Despite growth, semiconductor sector falters

Despite growth, semiconductor sector falters

Summary: Effect of slow PC demand is exaggerated, analysts say

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TOPICS: Hardware
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Investors hammered semiconductor stocks Monday, even as experts were predicting the industry would see strong growth for several more quarters. Analysts said the market jitters come down to several factors, such as a perceived slowdown in PC demand and worries that semiconductor makers may be about to face dropping prices for commodities such as DRAM memory chips.

Semiconductors, a basic building block of high-tech products such as PCs and mobile phones, runs in boom-and-bust cycles brought on by alternating periods of oversupply and shortages.

Monday's dip came despite indications that the semiconductor industry is in the midst of its strongest sales growth since 1995, when growth was 38 percent. Worldwide, the industry is on track for sales of more than $231.6bn this year, an increase of 37 percent from 1999, according to market research firm Dataquest.

Investors may be worried that PC demand will be slower than expected, especially going into the important Christmas season. PCs, wireless and wireline products are the three main end products for semiconductors.

Those worries have been fed in recent weeks by profit warnings from Intel, Dell and Apple, all important players in the PC space.

However, demand alone does not have a decisive impact on semiconductor companies, according to Richard Gordon, principal analyst with Dataquest's semiconductor group. "It annoys me when you have people marking down stock prices and saying demand has gone away, the industry's in the toilet. Demand is only half the picture," he said.

Even with slow-growing demand, if the semiconductor companies do not have the production capacity to meet that demand, prices will remain firm and revenues will be strong, Gordon pointed out.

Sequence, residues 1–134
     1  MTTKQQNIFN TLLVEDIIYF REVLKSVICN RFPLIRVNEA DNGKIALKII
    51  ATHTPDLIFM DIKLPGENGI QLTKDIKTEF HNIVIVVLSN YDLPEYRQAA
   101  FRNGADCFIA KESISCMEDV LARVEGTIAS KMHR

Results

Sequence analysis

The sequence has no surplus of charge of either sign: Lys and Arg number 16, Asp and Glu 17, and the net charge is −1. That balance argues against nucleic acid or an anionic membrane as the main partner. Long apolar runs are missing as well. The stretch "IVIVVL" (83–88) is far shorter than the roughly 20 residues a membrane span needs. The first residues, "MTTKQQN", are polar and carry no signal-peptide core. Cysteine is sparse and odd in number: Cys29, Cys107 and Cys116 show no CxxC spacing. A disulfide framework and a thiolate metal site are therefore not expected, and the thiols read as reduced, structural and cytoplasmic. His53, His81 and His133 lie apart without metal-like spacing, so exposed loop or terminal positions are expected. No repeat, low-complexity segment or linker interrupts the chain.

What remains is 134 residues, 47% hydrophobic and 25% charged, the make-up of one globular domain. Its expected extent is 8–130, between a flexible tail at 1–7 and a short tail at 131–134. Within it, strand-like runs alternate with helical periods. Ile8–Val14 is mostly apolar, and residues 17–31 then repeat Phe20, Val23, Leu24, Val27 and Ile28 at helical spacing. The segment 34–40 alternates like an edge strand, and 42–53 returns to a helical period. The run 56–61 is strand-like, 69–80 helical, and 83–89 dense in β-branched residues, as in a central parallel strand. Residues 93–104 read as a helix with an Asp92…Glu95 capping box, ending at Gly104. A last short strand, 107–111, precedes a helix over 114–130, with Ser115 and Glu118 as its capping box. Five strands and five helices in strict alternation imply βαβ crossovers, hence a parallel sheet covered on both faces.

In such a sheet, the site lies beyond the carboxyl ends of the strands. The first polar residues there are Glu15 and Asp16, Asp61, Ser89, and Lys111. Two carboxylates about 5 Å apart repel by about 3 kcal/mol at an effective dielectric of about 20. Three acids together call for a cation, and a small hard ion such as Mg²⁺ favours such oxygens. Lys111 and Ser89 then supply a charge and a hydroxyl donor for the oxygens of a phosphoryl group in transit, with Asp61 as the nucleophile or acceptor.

PC demand may be weaker than expected, but the market has exaggerated the effect, he argued. "Just because the shipments of PCs, mobile phones, et cetera have been overinflated, that doesn't mean the industry has to take a bath," Gordon said.

The demand problem has been aggravated because PC manufacturers, warned of impending shortages of memory parts in the second half, stocked up earlier in the year. Those purchases artificially inflated demand for the first two quarters, according to experts.

On Monday, the closely watched Philadelphia semiconductor index closed down 13.43 points, or more than one percent, at 785.96, a level not seen since early February.

Intel, which makes the chips found in most personal computers, closed down 7/8 to $39-1/8, a low not seen since early January. Intel warned in September that its third-quarter sales would fall short of analysts' expectations.

Texas Instruments, the world's number one maker of computer chips for wireless phones and high-speed modems, closed off $1-3/4 to $45-1/4, an 11-month low.

Rambus, a designer of memory chip technology, fell $8-5/8, or more than ten percent, to $71-3/8.

Canadian communications chip maker PMC-Sierra was down $9, or more than four percent, at $190-1/16.

Reuters contributed to this report.

See Chips Central for daily hardware news, including interactive roadmaps for AMD, Intel and Transmeta.

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Topic: Hardware

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